Atmosphere Project Wins Despite RDA’s Exit
by Carrie Rossenfeld
April 1, 2015
SAN DIEGO - As GlobeSt.com reported last week, Wakeland Housing and Development Corp. has closed on $52 million of construction financing from US Bank for Atmosphere, a $79.3-million affordable- and supportive-housing development in Downtown San Diego. The project, which breaks ground this week, is on a site that has been vacant for more than a decade. We spoke with Ken Sauder, president and CEO for Wakeland, about the project and climate for affordable-housing development in Downtown San Diego.
Sauder: "In affordable housing, we have a saying that if you simply build it, the market's there for it."
GlobeSt.com: What makes Atmosphere a significant project for your firm?
Sauder: Atmosphere is the largest project we’ve ever done—it’s an $80-million project—and it’s also the most units we’ve ever built at 205. In addition, it’s in Downtown San Diego, and while we’ve done projects in Downtown San Diego before, this one is going to be our signature project.
We first got into escrow on this project in 2009, so we’ve been working on this for about six years. The property at that time had bene a failed condo conversion, and one of the condo developers had built a big underground parking hole in the ground and didn’t move the project forward. It was hazardous and not well boarded. We worked with the seller and made them fill in the hole and eventually acquired the property, using redevelopment-agency funds to acquire and title it. The worked on it to develop affordable housing, and then the RDAs all went away. We did nothing for a couple of years, and then we started moving forward on it again. We needed to redesign the project for 4% tax credits and 9% tax credits. Basically, we put a condo map on the property and said which specific units would be for the 9% side and which for the 4% side. That took a tremendous amount of work, and we worked with US Bank to get it financed. We brought in different sources of funding, too. It took time to make it happen.
Atmosphere is also important to us because it was a very long, complicated project that had a lot of moving pieces in it, and sometimes the pieces weren’t moving—like when the RDA went away. We were finally able to put the pieces together.
We are a fairly small non-profit in terms of developers. We’re big, but we don’t have gazillions of bucks in the bank, and we had millions of dollars tied up in this thing for years. It’s a long time to be carrying that kind of debt in the form of predevelopment loans. It was somewhat soft debt from friendly lenders, but it still needed to be paid back.
GlobeSt.com: What is the market like for affordable-housing development in Downtown San Diego?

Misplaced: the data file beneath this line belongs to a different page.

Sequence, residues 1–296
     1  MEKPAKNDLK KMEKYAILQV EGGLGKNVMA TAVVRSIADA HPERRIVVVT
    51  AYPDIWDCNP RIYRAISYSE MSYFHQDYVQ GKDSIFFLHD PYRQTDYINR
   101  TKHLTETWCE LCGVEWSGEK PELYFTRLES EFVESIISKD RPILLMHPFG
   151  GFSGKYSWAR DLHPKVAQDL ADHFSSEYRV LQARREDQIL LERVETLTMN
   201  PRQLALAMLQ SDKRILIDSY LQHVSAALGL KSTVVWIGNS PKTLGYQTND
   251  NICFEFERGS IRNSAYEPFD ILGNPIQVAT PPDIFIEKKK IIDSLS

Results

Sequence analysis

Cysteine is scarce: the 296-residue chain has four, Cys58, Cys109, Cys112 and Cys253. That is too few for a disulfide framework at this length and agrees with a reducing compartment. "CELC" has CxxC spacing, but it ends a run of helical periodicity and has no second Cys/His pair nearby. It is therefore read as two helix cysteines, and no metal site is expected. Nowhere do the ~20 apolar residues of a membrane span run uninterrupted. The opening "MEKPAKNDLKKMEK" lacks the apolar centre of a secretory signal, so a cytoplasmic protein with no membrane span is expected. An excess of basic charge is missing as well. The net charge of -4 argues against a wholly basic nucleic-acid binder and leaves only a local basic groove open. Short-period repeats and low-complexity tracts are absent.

Sauder: In affordable housing, we have a saying that if you simple build it, the market’s there for it. The bottom line is there’s a tremendous need for affordable housing. As soon as units are built, there is no problem renting them out. On our $80-million budget, as in all our projects from $40 million to $80 million, we have a line for marketing of $5,000, but for the most part there is really no marketing. There’s such a strong need for this housing that we have no problem leasing them even without marketing.
The entitling isn’t as much the issue for us; the issue is organizing the financing and getting those sources lined up. The entitling and design reviews were really great to go through because they went through Centre City Development Corp., which is now Civic San Diego. It doesn’t constantly get kicked back and kicked back, and there’s no bureaucracy.
Rent at Atmosphere will range from $394 to $1,191 a month, and construction is In terms of processing projects and getting them through the entitlement process, it’s a little more difficult and design review is not necessarily as easy outside of the redevelopment areas. Having said that, we have never been held up in any project—to the best of my knowledge—because of the entitlement process taking too long. On occasion, we may have had hold-up from neighborhood obligation or a neighborhood being against the project. There have been no major NIMBY issues either. When we’ve presented projects to neighborhood groups, they’ve made suggestions, and we worked that out. The only problems we have in terms of putting these deals together are on the financing side of it. There are different layers and levels of financing in affordable housing. Entitlement is challenging, but it doesn’t hold up our timeline very much.
GlobeSt.com: What else should our readers know about this project?
Sauder: What impresses me about this project is the architecture. Obviously, I’m biased, but it’s beautiful. Joseph Wong Design Associates did a fantastic job on this project. It will be a great contribution to Downtown and will help make us look like a classy place. Also, it’s unique because of the wide spectrum of people it will be serving. The people in here will be homeless and other special needs, and there will be others who are simply working families. This is a great thing about this project.